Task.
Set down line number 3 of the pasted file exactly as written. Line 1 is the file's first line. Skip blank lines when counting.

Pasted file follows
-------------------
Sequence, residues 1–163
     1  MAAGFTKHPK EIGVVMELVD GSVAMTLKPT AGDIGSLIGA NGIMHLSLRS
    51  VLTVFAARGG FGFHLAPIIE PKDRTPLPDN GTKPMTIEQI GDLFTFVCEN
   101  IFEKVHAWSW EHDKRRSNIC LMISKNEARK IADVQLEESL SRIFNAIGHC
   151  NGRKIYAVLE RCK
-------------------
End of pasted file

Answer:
    51  VLTVFAARGG FGFHLAPIIE PKDRTPLPDN GTKPMTIEQI GDLFTFVCEN